Brattleboro residents defeated a plan by the administration of lame duck Republican governor Jim Douglas and lieutenant-governor Brian Dubie – the Republican who wants to be elected governor in November – that would have narrowed already-narrow sidewalks in downtown Brattleboro. The goal was to make cars, trucks, and SUVs drive faster through the world-famous, historic downtown on the shore of the Connecticut river. Dubie-Douglas also wanted to cut down trees on Main Street.
Record heat and little rain has Valley farmers scrambling to irrigate their crops. Some wells are going dry, forcing farmers to drive their tractors with tanks on their trailers long distances to pump water out of rivers and ponds.
Vern Grubinger is Extension Professor of Agriculture at the University of Vermont. He has worked with a program of the federal agriculture department’s Sustainable Agriculture Research and Education (SARE) project. The program looked at the effects of global warming on farmers.
Natalie Merchant, probably the world’s best female singer, will sing in Northampton on July 13. It will be her first concert in the Valley in at least a decade. Her lyrics, and the music on her albums, are often – but not always – excellent. But Merchant’s concerts are always great, thanks to her incomparable voice.
In the song “Motherland," Merchant sings:
Where in hell can you go
Far from the things that you know
Far from the sprawl of concrete
That keeps crawling its way
About 1,000 miles a day?
Police say there has been a rash of bicycle thefts in recent days in Keene. Perhaps the nation's leading experts on how to prevent bicycle thefts, the staff of the group Transportation Alternatives (TA) in New York City, can help concerned Keene residents. From recommending the best bicycle locks, and the best way to use the locks; to helping draft local laws that require builders of apartment and office buildings to install indoor, locked bicycle parking; to ways to persuade cities and towns to install more on-street bicycle parking -- TA can help. Details are at www.transalt.org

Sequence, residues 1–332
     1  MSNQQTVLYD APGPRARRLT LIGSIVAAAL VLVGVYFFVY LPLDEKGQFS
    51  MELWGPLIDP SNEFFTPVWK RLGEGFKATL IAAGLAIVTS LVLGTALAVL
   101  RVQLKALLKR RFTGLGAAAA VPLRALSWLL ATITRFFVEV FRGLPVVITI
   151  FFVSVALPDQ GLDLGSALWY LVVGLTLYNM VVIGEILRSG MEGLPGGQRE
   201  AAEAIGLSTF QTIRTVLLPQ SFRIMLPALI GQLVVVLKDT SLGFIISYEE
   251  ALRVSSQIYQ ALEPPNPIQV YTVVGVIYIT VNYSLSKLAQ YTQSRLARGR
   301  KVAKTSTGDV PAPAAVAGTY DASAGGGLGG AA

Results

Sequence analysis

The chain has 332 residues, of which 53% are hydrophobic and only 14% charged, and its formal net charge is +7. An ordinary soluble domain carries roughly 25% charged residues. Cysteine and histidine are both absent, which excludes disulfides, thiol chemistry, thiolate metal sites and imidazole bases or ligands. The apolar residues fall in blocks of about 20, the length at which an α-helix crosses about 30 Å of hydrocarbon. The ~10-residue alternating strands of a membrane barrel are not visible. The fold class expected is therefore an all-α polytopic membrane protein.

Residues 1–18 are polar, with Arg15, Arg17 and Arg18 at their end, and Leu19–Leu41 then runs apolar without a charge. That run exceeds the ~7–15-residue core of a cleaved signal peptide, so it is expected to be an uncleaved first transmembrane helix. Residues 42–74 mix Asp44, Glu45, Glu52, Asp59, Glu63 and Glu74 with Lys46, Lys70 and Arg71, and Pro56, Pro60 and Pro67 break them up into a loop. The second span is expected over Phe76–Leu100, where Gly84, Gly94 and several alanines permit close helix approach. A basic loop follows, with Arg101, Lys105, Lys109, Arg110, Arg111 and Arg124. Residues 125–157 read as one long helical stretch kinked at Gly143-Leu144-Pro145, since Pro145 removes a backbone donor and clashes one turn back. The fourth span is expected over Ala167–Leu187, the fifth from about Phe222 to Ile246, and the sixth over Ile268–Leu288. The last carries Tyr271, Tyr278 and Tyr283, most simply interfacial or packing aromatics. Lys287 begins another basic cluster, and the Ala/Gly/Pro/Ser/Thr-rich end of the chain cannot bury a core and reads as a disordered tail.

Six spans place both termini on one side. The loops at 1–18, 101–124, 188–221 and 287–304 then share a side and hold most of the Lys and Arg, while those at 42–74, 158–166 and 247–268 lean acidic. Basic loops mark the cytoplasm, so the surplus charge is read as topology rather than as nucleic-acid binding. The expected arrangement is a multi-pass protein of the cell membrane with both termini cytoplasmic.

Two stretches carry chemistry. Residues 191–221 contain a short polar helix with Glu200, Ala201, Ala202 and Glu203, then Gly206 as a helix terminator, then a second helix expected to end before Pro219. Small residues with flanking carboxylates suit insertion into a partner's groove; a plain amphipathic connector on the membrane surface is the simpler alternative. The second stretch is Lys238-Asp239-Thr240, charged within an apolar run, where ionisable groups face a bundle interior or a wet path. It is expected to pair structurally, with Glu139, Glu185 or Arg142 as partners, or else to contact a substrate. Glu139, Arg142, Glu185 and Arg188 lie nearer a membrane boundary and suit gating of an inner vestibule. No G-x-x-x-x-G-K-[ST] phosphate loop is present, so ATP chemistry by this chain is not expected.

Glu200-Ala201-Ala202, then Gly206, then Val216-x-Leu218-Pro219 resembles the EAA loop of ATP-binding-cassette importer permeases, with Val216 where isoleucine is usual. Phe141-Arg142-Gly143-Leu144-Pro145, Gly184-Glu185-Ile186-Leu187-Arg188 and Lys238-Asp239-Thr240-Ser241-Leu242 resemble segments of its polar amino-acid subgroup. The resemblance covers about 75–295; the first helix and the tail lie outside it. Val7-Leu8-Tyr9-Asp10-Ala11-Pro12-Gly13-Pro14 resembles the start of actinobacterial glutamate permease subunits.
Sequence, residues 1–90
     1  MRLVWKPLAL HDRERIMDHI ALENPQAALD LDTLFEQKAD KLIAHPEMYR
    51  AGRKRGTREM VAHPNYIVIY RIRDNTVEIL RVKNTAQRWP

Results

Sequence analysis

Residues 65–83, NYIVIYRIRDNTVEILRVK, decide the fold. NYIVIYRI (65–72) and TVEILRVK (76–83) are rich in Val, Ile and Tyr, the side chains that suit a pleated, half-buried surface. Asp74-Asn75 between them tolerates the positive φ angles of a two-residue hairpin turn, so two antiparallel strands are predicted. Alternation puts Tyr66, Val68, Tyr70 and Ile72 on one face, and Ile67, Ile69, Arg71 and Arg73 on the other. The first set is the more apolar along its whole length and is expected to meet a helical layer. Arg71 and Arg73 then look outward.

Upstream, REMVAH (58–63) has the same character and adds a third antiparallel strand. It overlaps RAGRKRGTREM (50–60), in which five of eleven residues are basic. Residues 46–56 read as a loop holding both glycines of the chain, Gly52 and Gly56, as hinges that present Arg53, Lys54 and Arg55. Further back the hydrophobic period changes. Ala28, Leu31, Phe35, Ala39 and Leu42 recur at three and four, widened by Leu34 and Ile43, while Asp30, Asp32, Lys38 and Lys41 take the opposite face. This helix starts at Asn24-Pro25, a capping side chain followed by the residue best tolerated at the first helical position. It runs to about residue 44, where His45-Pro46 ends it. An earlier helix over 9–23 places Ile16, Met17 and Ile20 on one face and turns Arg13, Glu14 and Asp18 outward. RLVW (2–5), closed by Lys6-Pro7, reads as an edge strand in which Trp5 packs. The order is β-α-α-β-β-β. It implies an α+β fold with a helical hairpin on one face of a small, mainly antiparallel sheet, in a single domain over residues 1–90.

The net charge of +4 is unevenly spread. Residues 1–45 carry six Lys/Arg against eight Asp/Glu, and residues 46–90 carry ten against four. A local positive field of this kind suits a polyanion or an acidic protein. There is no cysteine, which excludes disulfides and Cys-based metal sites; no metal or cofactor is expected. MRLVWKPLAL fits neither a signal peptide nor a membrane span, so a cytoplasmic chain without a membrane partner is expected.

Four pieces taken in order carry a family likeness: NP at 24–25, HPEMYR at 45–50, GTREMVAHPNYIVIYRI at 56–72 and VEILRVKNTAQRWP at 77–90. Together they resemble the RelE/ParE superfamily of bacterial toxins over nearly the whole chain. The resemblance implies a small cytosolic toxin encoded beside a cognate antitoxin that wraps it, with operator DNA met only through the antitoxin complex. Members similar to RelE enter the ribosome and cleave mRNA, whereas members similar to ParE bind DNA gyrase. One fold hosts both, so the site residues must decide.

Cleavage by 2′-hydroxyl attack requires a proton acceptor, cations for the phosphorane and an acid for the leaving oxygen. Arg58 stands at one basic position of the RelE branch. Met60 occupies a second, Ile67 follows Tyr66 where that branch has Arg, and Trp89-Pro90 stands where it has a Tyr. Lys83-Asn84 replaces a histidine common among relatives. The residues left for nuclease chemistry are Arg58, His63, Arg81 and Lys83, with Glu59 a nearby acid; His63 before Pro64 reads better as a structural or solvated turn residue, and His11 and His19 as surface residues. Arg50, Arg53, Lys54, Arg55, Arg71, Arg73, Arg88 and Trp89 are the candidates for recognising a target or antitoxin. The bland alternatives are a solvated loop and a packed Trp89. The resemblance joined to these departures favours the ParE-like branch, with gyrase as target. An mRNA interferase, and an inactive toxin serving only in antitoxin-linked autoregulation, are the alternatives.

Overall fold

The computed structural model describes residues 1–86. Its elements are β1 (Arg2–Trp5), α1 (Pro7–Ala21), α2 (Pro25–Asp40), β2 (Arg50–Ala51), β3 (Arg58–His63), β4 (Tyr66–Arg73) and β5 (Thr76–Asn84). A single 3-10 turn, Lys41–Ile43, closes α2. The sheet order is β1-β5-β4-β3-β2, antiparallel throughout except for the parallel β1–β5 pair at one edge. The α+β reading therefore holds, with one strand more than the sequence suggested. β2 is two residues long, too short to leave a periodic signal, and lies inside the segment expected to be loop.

Pisgah State Park, with thousands of acres, is the biggest state park in New Hampshire. It is in the town of Hinsdale, and two other towns. Hinsdale is directly across the river from Brattleboro. The following article was written by Jeffrey Scott and Marti Hobbes of the group Defenders of Pisgah. It was posted on a bulletin board at one of the entrances to the park on June 27. The only contact info provided for the group was:
P.O. Box 31
Spofford, NH 03462
Dozens of activists spent the night in tents on the Amherst town common June 23 - 24 to call for action on global warming. The event was organized by The Leadership Campaign www.TheLeadershipCampaign.org photo by Mino Caulton
More than a third of some 11,000 eligible voters showed up to vote in Greenfield on June 8. They overwhelmingly vetoed the Greenfield mayor’s and city council’s support of plans by an incinerator corporation to build in Greenfield. The company is Madera Energy Corporation (MEC).
Janet Sinclair was a leader of the campaign against the incinerator. “This is a great victory,” she said.
An MEC spokesman said his company would seek to build an incinerator in Greenfield despite the will of the people.
On May 22, volunteers from the Greenfield-based group Co-op Power installed a solar water heater near Brattleboro. Farmer Elizabeth Wood showed one of the volunteers her dairy goats. To enlarge a photo, click on it, then scroll down and click "See full-size image." More information is at www.CoopPower.coop photos by Eesha Williams
Dozens of activists spent the night in the cold on the Amherst town common February 20 - 21 to call for action on global warming. More than 150 people attended a rally in support of the campers. The event was organized by The Leadership Campaign www.TheLeadershipCampaign.org The first photo was taken February 20 in Amherst. The second was taken at another recent "camp out" organized by the Campaign.
Activists are planning a mass bicycle ride, marches, rallies with speakers and live music, and other actions around the Valley on Saturday, October 24 to protest the government’s lack of meaningful action on climate change. Climate change resulting in large part from burning fossil fuels in cars, electricity generation, and heating and cooling buildings, is causing glaciers to melt, which in turn causes flooding of places where people live and grow food. Droughts and severe rainfall are both becoming more common, which makes it harder for farmers to grow food.